Ambulance and Home Health Moratorium Continued and Expanded

The Centers for Medicare and Medicaid Services (CMS) recently announced an extension of its temporary moratorium on enrolling new nonemergency ambulance suppliers in New Jersey, Pennsylvania and Texas and new home health agencies in Florida, Illinois, Michigan and Texas for an additional six months. The agency also announced that the moratorium, which previously applied to specific metropolitan counties, will be expanded to all counties in the applicable states. The expansion is intended to prevent providers from enrolling in one county and providing services to beneficiaries in other counties. The moratorium affects new enrollments in Medicare Part B, Medicaid and the Children’s Health Insurance Program. Each temporary enrollment moratorium remains in effect for six months prior to reevaluation. The current moratorium has been effective for three years.

CMS also ended a temporary moratorium on enrolling new emergency ambulance services. However, providers should be aware that when a moratorium is lifted, the affected provider or supplier types will be subject to the agency’s high-screening level for a period of six months from the date the moratorium was lifted. New emergency ambulance suppliers that also furnish non-emergency services will be able to bill for only the emergency transport services.

In a separate notice, CMS announced the implementation of the Provider Enrollment Moratoria Access Waiver Demonstration (PEWD) which authorizes the agency to make exceptions to the state-wide enrollment moratoria in response to access-to-care issues. Enrollees with an approved PEWD application will be able to bill for services only in the designated geographic areas.

Assault of Home Health Worker by a Patient’s Father Prompts OSHA Violation

A provider of pediatric home health, Epic Health Services, was recently fined $98,000 by the Occupational Safety and Health Administration (OSHA) in connection with the sexual assault of a home health employee by a patient’s father. Allegations include that the father had regularly attempted to grope the employee and made inappropriate comments about her buttocks and breasts. The assaulted employee is suing Epic for negligence and punitive damages as a result of the incident. Allegations include that Epic, which reportedly lacked a system for reporting threats or incidents of violence in the workplace, was aware of two previous assaults on employees by the patient’s father but failed to notify the assaulted employee of the incidents.

As a result of its investigation into the assault, OSHA found that Epic had a history of failing to act on reports by company employees of verbal, physical and sexual assaults in the workplace, including a situation where an employee was forced to work in a home environment with domestic violence. OSHA cited the company for willfully failing to “protect its employees from life-threatening hazards of workplace violence,” failing to “provide an effective workplace violence prevention program” and “failing to record injuries properly on OSHA forms.” OSHA also enumerated a number of abatement techniques that Epic and others can implement to address violence in the workplace, including:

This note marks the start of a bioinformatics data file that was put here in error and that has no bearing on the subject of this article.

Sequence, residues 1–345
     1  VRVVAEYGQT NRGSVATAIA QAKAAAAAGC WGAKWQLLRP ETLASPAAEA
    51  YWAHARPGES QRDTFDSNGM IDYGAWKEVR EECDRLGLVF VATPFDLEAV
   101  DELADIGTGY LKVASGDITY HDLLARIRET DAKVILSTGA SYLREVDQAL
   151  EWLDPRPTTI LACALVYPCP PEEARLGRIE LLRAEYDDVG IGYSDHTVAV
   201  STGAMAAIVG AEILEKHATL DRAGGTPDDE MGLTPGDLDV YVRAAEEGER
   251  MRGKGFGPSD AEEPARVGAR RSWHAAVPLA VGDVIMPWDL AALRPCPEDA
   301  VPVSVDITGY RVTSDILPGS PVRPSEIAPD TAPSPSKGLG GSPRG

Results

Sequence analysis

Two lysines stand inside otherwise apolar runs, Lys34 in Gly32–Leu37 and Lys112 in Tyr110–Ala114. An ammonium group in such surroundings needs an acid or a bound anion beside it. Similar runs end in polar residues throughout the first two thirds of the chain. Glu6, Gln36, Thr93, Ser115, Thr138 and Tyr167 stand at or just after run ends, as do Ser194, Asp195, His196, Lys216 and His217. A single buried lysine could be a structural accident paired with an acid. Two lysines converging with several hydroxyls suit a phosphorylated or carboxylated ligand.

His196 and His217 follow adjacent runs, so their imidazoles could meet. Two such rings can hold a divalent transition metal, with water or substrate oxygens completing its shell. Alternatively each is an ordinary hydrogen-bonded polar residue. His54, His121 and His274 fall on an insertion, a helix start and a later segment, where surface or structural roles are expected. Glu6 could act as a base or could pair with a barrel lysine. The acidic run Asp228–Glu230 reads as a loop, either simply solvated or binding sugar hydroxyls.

• A written, comprehensive workplace violence prevention program.
  • Workplace violence hazard assessment and security procedures for each new client.
  • Procedures to control workplace violence such as a worker's right to refuse to provide services in a clearly hazardous situation without fear of retaliation.
  • A workplace violence training program.
  • Procedures to be taken in the event of a violent incident in the workplace, including incident reports and investigations.
  • A system for employees to report all instances of workplace violence, regardless of severity.

This OSHA action highlights the need for providers to implement processes for addressing violence in the workplace, including responding to employee complaints of violence by patients and family members.

A Closer Look at the OCR’s Guidance on Ransomware

In the wake of several high-profile ransomware infections targeting hospitals and healthcare organizations, the U.S. Department of Health and Human Services Office for Civil Rights (OCR) has issued guidance on the growing threat of ransomware. Given the publicity and the potential for harm, it should come as no surprise that the OCR has issued guidance in this area. As the regulatory agency that enforces HIPAA, when the OCR speaks, healthcare organizations should take heed. Read more >>

OCR to Increase Efforts to Investigate Breaches Affecting Fewer Than 500 Individuals

Data breaches have been occurring with disturbingly high frequency in the healthcare industry. If a covered entity experiences a data breach involving more than 500 affected individuals, a regulatory investigation by the OCR is virtually guaranteed. While the OCR has always had the authority to investigate smaller breaches, it has traditionally done so only when it had resources to spare. This new initiative announced by the OCR represents a concerted effort to investigate the root causes of breaches affecting fewer than 500 individuals. Read more >>